On Politics: Now on powerful panels, U.S. Sen. Schatz shares hopes for rail reality, Hawaiians, Dems
Hawaii’s senior U.S. Sen. Brian Schatz can appreciate the benefits of being on the winning side. It may be a microscopic majority with Vice President Kamala Harris available to break ties in favor of the Democrats, but it counts that good things are going to faithful up-and-comers like Schatz.
In the last two months, the 48-year-old Makiki Democrat has become chairman of the Senate Appropriations Committee’s Transportation, Housing and Urban Development Subcommittee, and the chairman of the Senate Committee on Indian Affairs. Schatz was also named to the influential Senate Foreign Relations Committee.
There is not a living U.S. senator who does not look in a mirror and see the reflection of a really big deal, but chairing a Senate committee plus an influential subcommittee means Schatz has a place at the table with a placard saying that is where he belongs.
It is the kind of clout that means Schatz can and has discussed Honolulu rail woes with the new U.S. Transportation Secretary Pete Buttigieg. Schatz tactfully offers some advice to local rail officials.
The interim chief of Honolulu’s rail project, Lori Kahikina, is doing well, Schatz said.
“Lori is saying the right things about no longer engaging in magical thinking and just wishing away HART’s problems. I am giving them time to sharpen their pencils. And then I can help,” Schatz said in an interview last week, cautioning that help does not mean “there’s an extra $2 billion floating around.”
Schatz did say that in talks with Buttigieg, it was clear that “we have to regain our credibility and start telling the truth about the project.”
That same sort of reality- based politics was also emphasized by Schatz when he discussed his position leading the Indian Affairs Committee, a role that has been held by both Hawaii’s late senators, Daniel K. Inouye and Daniel Akaka.
This is not the time, Schatz said, for another version of a Native Hawaiian sovereignty bill as envisioned by Akaka. Instead, the new chairman said he wants to work to “enhance the trust relationship that already exists with the federal government and Native Hawaiians and enhance revenue streams with education, health, housing and broadband.”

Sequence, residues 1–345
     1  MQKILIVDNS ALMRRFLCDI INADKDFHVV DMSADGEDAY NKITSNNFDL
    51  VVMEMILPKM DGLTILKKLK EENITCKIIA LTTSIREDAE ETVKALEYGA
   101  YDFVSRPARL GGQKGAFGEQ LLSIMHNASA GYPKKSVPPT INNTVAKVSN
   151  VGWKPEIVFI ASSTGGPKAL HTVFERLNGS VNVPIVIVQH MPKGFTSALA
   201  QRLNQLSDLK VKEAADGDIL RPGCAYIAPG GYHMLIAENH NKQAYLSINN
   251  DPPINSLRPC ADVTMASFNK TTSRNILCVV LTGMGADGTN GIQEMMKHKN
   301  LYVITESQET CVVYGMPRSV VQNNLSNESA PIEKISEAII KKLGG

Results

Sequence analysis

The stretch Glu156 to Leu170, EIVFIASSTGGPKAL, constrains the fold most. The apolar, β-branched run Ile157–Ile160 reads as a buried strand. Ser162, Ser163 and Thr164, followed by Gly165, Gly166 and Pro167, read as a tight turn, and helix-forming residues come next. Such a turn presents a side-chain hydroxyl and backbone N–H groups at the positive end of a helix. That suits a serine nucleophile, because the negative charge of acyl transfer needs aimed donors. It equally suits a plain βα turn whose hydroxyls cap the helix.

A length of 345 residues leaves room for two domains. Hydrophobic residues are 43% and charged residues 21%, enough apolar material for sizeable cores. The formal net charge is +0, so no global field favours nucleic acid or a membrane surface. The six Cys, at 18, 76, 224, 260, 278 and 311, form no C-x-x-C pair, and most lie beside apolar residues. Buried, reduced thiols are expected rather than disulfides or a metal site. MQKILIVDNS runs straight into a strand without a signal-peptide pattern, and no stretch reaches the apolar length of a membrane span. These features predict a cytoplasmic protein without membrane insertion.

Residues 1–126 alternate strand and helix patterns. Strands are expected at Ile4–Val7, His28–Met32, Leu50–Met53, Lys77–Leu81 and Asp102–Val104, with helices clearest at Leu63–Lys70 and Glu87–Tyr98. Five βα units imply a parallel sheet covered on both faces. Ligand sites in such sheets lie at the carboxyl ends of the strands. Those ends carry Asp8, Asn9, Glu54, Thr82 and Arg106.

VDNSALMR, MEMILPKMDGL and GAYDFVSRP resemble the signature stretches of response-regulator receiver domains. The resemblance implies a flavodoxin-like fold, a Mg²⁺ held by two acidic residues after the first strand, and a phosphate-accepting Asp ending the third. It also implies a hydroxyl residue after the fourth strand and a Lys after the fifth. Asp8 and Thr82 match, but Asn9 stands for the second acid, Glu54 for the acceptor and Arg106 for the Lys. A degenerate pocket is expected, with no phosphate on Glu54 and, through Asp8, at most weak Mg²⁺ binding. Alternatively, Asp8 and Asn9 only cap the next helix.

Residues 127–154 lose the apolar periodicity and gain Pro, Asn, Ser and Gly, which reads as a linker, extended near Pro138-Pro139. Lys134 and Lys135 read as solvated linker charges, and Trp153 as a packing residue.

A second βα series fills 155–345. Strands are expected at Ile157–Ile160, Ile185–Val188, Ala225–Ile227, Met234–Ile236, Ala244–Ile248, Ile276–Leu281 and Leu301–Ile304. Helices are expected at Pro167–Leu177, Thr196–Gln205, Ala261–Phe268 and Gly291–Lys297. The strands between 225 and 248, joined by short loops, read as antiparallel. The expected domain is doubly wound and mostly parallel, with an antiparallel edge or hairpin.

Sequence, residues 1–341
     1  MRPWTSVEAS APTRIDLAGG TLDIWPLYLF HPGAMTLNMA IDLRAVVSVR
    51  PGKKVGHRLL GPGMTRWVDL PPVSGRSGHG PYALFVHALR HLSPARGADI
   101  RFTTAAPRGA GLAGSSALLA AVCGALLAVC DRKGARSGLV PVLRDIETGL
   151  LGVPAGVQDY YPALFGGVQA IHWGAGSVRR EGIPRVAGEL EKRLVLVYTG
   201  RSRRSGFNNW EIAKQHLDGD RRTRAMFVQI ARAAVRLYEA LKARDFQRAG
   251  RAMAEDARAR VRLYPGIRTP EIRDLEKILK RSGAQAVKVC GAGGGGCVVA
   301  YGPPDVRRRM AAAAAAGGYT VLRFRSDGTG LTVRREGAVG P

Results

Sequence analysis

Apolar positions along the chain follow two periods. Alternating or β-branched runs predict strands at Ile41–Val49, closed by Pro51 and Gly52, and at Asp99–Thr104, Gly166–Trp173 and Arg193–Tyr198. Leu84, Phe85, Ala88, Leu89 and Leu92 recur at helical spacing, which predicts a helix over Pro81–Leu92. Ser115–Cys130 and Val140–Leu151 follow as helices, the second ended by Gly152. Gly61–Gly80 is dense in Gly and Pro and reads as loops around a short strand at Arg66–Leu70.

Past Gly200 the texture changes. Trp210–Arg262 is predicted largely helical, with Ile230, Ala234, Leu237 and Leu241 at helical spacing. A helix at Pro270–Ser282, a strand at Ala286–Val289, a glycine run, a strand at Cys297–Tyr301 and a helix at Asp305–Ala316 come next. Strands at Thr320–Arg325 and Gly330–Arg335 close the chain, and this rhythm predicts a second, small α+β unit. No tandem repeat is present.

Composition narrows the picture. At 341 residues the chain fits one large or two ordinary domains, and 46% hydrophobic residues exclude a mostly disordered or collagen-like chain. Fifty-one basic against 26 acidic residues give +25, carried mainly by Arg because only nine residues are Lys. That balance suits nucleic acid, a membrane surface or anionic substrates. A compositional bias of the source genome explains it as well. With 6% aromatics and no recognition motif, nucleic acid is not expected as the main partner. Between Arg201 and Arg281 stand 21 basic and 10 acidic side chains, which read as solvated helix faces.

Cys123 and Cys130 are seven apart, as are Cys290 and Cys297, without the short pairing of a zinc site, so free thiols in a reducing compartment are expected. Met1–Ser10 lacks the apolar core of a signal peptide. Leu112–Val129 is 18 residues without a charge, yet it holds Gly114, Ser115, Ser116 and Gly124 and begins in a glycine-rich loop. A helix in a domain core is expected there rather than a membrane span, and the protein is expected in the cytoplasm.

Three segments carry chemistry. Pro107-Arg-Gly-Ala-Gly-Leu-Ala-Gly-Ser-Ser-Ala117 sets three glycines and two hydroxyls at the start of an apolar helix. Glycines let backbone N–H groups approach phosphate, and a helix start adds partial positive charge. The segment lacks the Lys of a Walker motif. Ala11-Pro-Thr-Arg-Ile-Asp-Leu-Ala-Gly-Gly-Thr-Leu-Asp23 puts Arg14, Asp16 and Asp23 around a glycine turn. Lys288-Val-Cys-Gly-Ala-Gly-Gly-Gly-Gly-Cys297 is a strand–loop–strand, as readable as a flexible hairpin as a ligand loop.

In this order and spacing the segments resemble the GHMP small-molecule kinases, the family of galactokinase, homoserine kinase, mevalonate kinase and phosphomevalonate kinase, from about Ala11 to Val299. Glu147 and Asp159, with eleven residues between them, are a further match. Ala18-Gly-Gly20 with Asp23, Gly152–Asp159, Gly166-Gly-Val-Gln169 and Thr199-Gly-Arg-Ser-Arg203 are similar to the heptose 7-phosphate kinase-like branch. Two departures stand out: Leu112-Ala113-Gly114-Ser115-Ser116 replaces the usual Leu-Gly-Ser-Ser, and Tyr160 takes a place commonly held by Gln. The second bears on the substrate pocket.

Other parts of the Native Hawaiian equation are still to be resolved, Schatz said.
“Under (former President Barack) Obama, there was the beginning of the self-determination process.
“My thought is to help that along, but self-determination means self-determination. That means a consensus has to be developed among Hawaiians about the relationship they want or don’t want between a Native Hawaiian governing entity and the federal government.
“It is not ripe yet,” said Schatz.
Turning to the fractured national political scene facing America now, Schatz urged an optimistic view. Under the former president, “real harm was done to the nation’s most vulnerable.”
“He emboldened and strengthened an anti-democratic authoritarianism, even if it never got to be a governing majority,” Schatz said.
Can Republicans build on Donald Trump’s strength to take back the congressional majorities in 2022? Schatz said the task for Democrats is to sell and deliver a better plan.
“The best way to move on is to improve people’s lives. We were put in charge to deliver COVID relief and we have to keep our eyes on that prize.”
The political reality is that the party in control usually loses votes in the first midterm election. So Democrats, Schatz said, need to make a new reality for 2022.